The Mental Game

The Mental Game Blog

Today I will approach the topic of motivation.   This can come in many formats.  I will only touch on a few.  Each individual has to find what works for them.  Here are some examples of things that can be used as motivation; words, proverbs and, phrases, music, stories, people and results.

When you use music it is important to note what kind of music you need.  I would create a playlist that would have good tempo, that I would use to help pump me up.  But I would also have a playlist that was made up of calming influences.  If I felt anxious for some reason or if I was just listening to music between runs I would choose calm music.  Music that would keep me relaxed.  If I needed to pump up the energy levels I would choose music with a quick tempo.  Some people like to get lost in lyrics and maybe sing to the songs and would choose something a little more old school with popular lyrics.  Some like to use music to keep their focus and energy during walk throughs.  I tend not to do this for reasons I have stated in earlier posts.  Any of these would be good choices for creating a playlist.  Make something that works for you.  I have had at times used music to pump me up in the afternoon when I feel tired.  Something with a quick tempo with popular lyrics are something I tend to go for in this situation.

Motivational words, phrases and proverbs are very personal.  So personal in fact that some choose to put them on their bodies in the form of tattoos!   Tattoos are good because it means that you have instant access.  If you don’t want to tattoo your body then you can always keep a list of sayings on your phone, tablet or even written down.  You can even have  a bracelet made that will be there to remind you.  These days there are lots of sayings to choose from.  People are always posting them on Facebook.  Pick something that strikes a chord with you.  At the Nationals this year and also at past Regionals, organizers have posted sayings around the venue.  If you like something you see then take a picture of it with your phone so that you have it with you.  There are websites with motivational sayings as well… just use Google or Siri!

Another form of motivation can be people.  This can come in the form of a special person in your life.  Someone you feel you want to perform well for because they have done something special for you.  Sports figures often refer to their moms.  This can also be someone who you know needs motivation in their life and your performing well will help them.

Looking at results can also be a motivating factor.  Before I go to this subject I will say that there are some that just don’t do well when they look at results.  For some this adds additional pressure and they may already be struggling with anxieties.  So I caution you that looking at results can be detrimental to some.  However, for others it can be a real confidence boost.  Knowing you are in “the mix” can be helpful to create a drive to do well in future agility runs.  At an event like the AAC Nationals, knowing you are in it can be very motivating.  Especially if you thought you were out of it.  Never count yourself out!  Anything can happen!  Especially in dog sports!  One year at the Nationals I was having what I thought was a difficult day on the Saturday.  After 3 events I was disappointed in how I was doing.  I was quite depressed because Echo and I had won Regionals and I expected to do well.  This was an Olympic year and something happened that help me turn my attitude but more on that later.  The thing is that I came prepared to give it my best.  Now, up to this point I was not one to look at results.  Kind of got superstitious about it.   Someone asked me if I had seen the results.  I went to look and it turned out that I was sitting third and was within striking distance of the 2 dogs in front of me!    Now I felt even better!  As a result we went on to have a terrific Sunday and we ended up winning!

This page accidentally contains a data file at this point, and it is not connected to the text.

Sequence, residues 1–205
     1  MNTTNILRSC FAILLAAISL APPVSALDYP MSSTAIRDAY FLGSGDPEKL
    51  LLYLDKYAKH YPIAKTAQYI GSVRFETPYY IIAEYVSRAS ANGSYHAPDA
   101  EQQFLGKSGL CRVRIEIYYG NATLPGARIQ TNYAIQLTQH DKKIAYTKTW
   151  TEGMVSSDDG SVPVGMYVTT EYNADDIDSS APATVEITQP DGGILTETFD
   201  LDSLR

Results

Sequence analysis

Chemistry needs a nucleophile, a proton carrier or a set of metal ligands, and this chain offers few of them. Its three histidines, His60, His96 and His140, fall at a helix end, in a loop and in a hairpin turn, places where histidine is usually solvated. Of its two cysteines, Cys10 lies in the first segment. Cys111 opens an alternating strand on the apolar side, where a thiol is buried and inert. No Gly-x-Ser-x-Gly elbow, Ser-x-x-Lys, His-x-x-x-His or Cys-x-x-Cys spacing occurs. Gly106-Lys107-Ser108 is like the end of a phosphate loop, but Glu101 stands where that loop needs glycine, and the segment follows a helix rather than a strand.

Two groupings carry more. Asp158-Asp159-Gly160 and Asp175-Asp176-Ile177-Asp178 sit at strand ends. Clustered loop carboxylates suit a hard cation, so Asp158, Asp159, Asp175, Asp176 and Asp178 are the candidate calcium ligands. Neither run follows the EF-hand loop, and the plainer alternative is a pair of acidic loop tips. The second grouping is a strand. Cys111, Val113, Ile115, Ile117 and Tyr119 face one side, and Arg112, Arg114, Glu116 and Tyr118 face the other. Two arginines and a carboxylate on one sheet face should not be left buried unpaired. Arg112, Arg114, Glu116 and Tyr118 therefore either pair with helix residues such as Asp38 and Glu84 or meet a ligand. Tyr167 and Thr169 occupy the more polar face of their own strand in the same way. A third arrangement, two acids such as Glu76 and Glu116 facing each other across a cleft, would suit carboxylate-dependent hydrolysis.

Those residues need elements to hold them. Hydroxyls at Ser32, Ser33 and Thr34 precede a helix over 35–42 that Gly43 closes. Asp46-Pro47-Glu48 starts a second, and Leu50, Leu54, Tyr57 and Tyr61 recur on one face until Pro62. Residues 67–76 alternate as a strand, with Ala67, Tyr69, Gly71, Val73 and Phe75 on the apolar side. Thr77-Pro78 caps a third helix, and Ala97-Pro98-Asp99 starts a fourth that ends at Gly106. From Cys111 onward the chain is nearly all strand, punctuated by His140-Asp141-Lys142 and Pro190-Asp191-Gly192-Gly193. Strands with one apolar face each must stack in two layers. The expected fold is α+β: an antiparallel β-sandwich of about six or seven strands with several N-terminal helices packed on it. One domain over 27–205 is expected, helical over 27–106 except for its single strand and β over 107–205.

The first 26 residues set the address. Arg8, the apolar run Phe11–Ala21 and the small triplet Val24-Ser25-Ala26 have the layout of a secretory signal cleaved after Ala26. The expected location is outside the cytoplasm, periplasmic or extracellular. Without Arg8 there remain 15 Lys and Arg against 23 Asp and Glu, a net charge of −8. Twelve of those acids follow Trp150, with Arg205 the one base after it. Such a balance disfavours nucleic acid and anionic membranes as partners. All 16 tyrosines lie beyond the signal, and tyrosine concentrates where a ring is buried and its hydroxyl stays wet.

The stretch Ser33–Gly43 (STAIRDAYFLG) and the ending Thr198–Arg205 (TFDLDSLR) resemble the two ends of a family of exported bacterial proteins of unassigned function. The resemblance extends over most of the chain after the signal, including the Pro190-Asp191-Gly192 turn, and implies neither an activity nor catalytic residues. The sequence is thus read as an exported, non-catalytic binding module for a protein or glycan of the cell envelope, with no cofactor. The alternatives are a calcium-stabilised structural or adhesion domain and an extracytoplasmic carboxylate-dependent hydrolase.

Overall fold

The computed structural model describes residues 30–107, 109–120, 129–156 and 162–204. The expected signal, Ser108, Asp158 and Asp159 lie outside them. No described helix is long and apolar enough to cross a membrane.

I mentioned that you should not count yourself out.  I have had some disaster runs occasionally at these events.  Yet invariably I tend to still place.  Keep your chin up and your head in the game!  I know someone who had 1 disaster run and immediately counted themselves out.  They were quite vocal about it.  This particular handler and dog team were quite talented.  Turned out they had placed first!  There were other circumstances that year but the bottom line was they did finish first.

Stories also can be used for motivation.  They can be borrowed from someone else or they can be personal.  If it is something you can draw positive energy from then by all means use it to your advantage!  I mentioned that the year of Olympics I had a change of heart over night.  Here is that story…

As I already said my Saturday was what I thought was awful.  I am obsessed with the Olympics.  For that reason it was on the tv in the morning as I was getting ready for the competition.   The event that I was watching was men’s gymnastics.  The announcers were going on and on about a Japanese athlete who was considered a superstar in the sport.  He was expected to win gold.  They basically talked about it as though all he had to do was show up and it was his!  Except his routine was a disaster and that opened the door for everyone else.    A Japanese teammate went out and laid down a personal best routine!  He ended up winning the gold!  It was a reminder to me that anything can happen.  Go out and do your best and give yourself a chance to be in it!  That is what I did.  Watching that event gave me a whole new outlook.  I often remind myself of that story when I am competing.  That is how you can use a story for motivation.

Each person is different.  Motivation can come in many forms.  Choose what is best for you and it can help you gain an advantage.  It can help you stay focused and up your drive level as well!